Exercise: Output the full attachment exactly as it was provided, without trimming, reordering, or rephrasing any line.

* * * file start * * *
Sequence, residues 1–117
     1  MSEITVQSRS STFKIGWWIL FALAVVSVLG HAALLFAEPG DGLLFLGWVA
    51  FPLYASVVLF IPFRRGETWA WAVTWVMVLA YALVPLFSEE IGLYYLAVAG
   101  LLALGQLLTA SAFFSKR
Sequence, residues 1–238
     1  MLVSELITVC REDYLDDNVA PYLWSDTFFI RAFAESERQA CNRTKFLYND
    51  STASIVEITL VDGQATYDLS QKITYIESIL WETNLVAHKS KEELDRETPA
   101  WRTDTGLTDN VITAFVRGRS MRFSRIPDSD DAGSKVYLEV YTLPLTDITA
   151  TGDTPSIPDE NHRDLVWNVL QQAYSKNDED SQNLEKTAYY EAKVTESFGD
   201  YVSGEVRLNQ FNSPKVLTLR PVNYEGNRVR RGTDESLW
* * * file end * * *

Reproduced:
Sequence, residues 1–117
     1  MSEITVQSRS STFKIGWWIL FALAVVSVLG HAALLFAEPG DGLLFLGWVA
    51  FPLYASVVLF IPFRRGETWA WAVTWVMVLA YALVPLFSEE IGLYYLAVAG
   101  LLALGQLLTA SAFFSKR
Sequence, residues 1–238
     1  MLVSELITVC REDYLDDNVA PYLWSDTFFI RAFAESERQA CNRTKFLYND
    51  STASIVEITL VDGQATYDLS QKITYIESIL WETNLVAHKS KEELDRETPA
   101  WRTDTGLTDN VITAFVRGRS MRFSRIPDSD DAGSKVYLEV YTLPLTDITA
   151  TGDTPSIPDE NHRDLVWNVL QQAYSKNDED SQNLEKTAYY EAKVTESFGD
   201  YVSGEVRLNQ FNSPKVLTLR PVNYEGNRVR RGTDESLW